This is a matter that burdens me because there is a lack of appreciation of history among us as Africans. We study history primarily to pass our exams and the moment we do so, we throw it away as if it was a can of worms that we had used to catch the fish that is now in the frying pan.
Why still play with worms when you have already caught the fish?
Well, the truth of the matter is that the fish that we catch using history is not the passing of exams. It is the ability to serve God better. The more we know our history the better we are at serving God in our generation. That is why history is so vital and cannot be done away with.
A good example of this is what the apostle Paul said in 1 Corinthians 10:6–12. Referring to the history that is recorded for us in the Old Testament, he wrote, “Now these things took place as examples for us, that we might not desire evil as they did. Do not be idolaters as some of them were; as it is written, ‘The people sat down to eat and drink and rose up to play.’
“We must not indulge in sexual immorality as some of them did, and twenty-three thousand fell in a single day. We must not put Christ to the test, as some of them did and were destroyed by serpents, nor grumble, as some of them did and were destroyed by the Destroyer.
“Now these things happened to them as an example, but they were written down for our instruction, on whom the end of the ages has come. Therefore let anyone who thinks that he stands take heed lest he fall”. These are, indeed, very sobering lessons from history.
You may say, “But this is sacred history and it is different from secular history.” That is a very big mistake. All history is God’s story. His moral government is the one that is in control of all of history. That is why we are being warned to take heed. God will treat us in the same way!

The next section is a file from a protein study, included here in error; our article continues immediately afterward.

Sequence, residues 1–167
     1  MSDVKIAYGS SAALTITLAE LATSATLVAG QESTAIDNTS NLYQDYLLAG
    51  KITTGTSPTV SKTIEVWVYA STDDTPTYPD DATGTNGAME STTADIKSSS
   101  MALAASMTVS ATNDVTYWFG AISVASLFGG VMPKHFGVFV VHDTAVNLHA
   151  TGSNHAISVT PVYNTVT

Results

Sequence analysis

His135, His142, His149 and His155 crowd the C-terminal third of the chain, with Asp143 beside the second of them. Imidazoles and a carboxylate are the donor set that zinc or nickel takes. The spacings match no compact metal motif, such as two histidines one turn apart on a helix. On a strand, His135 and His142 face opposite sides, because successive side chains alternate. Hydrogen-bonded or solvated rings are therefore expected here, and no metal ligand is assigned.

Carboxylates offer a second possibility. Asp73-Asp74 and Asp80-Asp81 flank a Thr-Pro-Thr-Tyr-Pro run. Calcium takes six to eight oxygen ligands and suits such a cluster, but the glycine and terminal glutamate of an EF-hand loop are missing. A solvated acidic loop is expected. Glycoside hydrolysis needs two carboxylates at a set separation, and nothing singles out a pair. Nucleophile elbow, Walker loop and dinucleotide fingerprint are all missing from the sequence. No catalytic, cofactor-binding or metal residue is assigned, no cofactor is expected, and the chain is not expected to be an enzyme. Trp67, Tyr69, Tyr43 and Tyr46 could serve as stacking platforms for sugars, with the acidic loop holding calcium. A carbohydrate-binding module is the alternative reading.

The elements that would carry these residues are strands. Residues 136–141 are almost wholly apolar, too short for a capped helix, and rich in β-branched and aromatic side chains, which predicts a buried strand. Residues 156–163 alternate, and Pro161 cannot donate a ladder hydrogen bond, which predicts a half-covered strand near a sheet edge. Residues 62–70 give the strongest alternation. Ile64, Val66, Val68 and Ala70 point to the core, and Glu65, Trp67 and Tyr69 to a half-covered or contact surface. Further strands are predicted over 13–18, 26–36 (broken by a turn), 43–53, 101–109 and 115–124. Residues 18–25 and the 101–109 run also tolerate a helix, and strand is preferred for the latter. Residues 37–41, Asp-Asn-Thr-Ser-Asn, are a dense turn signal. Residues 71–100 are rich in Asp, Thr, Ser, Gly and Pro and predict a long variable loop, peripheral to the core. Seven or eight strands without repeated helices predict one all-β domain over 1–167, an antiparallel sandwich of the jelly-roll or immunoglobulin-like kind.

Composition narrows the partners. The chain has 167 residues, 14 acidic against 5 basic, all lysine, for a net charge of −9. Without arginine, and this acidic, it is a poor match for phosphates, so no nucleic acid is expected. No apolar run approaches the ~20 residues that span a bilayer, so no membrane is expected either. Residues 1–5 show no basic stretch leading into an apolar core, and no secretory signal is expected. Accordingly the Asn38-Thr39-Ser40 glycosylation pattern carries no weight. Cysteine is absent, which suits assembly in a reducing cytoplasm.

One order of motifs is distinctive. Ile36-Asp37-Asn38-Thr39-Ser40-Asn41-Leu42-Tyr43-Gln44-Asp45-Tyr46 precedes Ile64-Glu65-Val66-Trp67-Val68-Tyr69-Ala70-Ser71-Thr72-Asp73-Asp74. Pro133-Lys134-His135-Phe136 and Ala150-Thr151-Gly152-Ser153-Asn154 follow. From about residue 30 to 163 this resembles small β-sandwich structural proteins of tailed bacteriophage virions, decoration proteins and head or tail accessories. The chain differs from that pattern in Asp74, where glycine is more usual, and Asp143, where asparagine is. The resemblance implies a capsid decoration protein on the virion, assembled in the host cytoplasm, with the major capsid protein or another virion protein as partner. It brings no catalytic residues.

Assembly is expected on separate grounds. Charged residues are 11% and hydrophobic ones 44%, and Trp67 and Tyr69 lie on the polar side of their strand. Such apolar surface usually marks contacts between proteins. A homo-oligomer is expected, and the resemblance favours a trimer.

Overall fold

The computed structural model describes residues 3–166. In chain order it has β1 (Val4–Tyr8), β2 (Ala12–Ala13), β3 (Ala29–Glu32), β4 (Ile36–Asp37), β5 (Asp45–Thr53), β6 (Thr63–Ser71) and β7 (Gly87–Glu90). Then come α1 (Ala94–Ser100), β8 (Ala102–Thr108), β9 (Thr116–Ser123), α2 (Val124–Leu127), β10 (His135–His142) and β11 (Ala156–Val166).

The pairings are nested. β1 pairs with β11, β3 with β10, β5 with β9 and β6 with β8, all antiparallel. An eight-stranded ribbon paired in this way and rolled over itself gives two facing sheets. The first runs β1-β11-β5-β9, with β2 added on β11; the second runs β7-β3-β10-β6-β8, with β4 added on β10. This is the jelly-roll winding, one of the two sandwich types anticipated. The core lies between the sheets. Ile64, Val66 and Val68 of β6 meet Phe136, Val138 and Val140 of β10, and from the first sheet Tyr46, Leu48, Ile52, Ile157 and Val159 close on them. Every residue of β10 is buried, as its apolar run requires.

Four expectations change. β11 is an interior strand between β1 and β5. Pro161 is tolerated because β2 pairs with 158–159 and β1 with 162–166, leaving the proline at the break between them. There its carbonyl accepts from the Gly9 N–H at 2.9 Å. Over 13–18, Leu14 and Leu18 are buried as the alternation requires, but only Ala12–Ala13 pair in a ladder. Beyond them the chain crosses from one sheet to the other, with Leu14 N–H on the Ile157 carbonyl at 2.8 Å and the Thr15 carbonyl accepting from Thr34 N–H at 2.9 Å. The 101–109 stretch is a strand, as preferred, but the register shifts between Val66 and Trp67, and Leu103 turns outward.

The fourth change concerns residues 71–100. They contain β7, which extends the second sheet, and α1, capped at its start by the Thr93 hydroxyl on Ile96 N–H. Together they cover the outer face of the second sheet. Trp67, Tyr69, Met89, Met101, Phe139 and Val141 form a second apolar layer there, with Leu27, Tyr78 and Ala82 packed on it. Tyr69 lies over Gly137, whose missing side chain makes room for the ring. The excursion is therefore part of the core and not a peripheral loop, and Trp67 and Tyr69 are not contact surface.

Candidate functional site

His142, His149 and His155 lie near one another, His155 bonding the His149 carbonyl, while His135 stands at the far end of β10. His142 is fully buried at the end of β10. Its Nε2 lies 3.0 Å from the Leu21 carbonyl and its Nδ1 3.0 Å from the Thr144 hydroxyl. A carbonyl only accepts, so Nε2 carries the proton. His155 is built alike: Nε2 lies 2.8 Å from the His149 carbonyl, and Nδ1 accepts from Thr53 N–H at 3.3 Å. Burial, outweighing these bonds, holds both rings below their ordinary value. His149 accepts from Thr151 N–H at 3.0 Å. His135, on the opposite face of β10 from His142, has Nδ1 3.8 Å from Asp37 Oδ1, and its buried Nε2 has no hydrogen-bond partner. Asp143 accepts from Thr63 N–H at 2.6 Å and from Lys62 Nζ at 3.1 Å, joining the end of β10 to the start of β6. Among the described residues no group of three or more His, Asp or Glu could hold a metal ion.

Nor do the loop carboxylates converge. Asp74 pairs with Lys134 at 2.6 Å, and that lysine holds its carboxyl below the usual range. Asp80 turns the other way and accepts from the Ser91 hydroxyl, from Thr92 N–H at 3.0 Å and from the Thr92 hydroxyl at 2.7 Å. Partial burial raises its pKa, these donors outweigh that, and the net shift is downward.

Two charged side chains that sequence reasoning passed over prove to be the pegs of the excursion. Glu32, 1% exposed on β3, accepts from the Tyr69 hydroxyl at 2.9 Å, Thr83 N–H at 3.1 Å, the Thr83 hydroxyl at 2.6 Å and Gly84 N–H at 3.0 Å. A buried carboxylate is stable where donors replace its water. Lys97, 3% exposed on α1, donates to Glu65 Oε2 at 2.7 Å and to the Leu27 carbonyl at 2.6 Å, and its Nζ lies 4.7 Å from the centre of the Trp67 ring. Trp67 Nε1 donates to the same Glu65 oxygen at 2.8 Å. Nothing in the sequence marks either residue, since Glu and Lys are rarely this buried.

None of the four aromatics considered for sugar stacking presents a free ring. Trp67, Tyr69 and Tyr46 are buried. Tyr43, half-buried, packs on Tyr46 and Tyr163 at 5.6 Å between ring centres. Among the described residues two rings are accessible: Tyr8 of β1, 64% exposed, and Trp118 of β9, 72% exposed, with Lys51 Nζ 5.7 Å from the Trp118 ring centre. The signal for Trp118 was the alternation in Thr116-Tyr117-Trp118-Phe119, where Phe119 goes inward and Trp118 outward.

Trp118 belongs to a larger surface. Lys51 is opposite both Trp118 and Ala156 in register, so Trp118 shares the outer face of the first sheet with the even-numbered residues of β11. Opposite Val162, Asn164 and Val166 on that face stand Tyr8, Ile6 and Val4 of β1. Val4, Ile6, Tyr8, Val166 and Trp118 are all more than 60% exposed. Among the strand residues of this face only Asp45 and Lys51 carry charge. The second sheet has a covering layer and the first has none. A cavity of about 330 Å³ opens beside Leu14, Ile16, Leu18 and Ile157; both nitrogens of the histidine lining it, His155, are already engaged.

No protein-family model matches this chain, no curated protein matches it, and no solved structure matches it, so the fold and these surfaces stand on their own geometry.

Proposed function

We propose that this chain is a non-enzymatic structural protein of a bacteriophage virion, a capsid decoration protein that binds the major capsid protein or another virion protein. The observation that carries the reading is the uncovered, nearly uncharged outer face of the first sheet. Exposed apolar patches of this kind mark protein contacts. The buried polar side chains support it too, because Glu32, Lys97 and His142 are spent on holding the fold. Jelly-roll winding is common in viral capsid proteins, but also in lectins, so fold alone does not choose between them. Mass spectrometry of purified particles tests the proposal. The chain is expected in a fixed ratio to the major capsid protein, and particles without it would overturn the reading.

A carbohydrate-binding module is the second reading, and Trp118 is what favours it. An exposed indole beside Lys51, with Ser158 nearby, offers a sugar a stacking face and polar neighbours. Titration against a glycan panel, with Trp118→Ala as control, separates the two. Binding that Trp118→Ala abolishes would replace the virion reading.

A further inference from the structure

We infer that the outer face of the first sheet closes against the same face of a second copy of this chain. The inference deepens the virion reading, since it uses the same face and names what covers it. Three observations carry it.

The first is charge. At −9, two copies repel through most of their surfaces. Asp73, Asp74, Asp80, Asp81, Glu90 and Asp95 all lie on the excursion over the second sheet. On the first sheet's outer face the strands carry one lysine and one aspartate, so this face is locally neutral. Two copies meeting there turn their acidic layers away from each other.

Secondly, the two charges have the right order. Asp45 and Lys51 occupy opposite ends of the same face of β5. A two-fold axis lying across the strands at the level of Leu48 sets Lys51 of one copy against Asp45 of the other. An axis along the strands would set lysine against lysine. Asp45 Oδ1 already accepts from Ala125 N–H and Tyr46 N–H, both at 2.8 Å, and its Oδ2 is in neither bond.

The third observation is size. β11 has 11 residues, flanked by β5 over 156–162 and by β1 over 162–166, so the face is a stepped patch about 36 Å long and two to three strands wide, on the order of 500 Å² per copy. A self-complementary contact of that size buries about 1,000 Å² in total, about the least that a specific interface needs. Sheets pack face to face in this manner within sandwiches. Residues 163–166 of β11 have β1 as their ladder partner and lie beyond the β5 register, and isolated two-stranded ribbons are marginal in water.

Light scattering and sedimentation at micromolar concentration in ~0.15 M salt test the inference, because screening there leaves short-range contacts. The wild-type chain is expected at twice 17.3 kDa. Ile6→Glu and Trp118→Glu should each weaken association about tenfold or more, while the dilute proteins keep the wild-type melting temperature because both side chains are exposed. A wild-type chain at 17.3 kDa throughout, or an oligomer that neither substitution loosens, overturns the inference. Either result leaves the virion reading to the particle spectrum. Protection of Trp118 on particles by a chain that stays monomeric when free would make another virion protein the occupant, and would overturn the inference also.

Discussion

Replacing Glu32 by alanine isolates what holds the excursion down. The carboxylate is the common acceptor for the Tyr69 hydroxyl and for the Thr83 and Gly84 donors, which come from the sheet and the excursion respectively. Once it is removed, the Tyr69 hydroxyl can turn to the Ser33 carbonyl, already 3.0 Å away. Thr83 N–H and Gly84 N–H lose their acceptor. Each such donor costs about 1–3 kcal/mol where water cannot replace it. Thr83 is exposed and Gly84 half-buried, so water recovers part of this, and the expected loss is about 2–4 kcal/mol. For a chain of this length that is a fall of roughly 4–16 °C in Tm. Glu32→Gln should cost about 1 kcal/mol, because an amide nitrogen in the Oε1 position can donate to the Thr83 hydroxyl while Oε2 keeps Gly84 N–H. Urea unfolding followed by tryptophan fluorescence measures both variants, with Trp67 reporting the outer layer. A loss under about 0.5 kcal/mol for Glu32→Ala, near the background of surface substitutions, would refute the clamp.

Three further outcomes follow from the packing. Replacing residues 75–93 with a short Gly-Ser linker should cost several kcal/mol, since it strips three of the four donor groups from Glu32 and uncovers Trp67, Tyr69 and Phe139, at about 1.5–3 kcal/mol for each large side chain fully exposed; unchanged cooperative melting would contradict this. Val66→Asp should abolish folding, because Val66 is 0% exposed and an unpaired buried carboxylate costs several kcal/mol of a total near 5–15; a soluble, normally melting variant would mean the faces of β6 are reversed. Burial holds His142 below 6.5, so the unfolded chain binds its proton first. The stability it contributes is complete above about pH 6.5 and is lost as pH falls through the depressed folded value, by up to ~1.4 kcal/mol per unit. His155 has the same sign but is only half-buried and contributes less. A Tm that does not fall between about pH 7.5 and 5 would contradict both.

Knowing history enables us to avoid the mistakes of the past as we seek to live out our Christian lives. As one hymn writer said, “Brothers, we are treading where the saints have trod.” History tells us of human beings who tried to take moral short cuts and paid for it dearly.
Knowing history also challenges us to strive harder than we may be currently striving. It points us to individuals who laboured against worse odds than we are facing but who persevered until they achieved great feats, which we benefit from today. We want to emulate such people.
There are many other ways in which knowing history better equips us to serve God, but let me at least add one more. It gives us a long-term perspective on life. It enables us to see ourselves as part of a chain of what God is doing. We become more patient and humble.
What matters, then, is whether we have a true record of history.
That is where we have the greatest challenge in Africa. We do not record history. For instance, the last biography that was ever published of a Baptist leader in Zambia was written in 1956, i.e. 61 years ago. Imagine how much data we have lost between that time and now.
It is my prayer that as the African Christian University develops, we will ensure that the history of the various disciplines is taught to students so that they can see where they are coming from in that particular discipline and how to contribute to the development of Africa through it.
Initially, that will be quite a challenge because we will want to collect African data. What we largely have is data from Europe and America. Yet, once we learn to do this, it will transform our understanding of where we are in God’s story and we will be equipped to serve him better!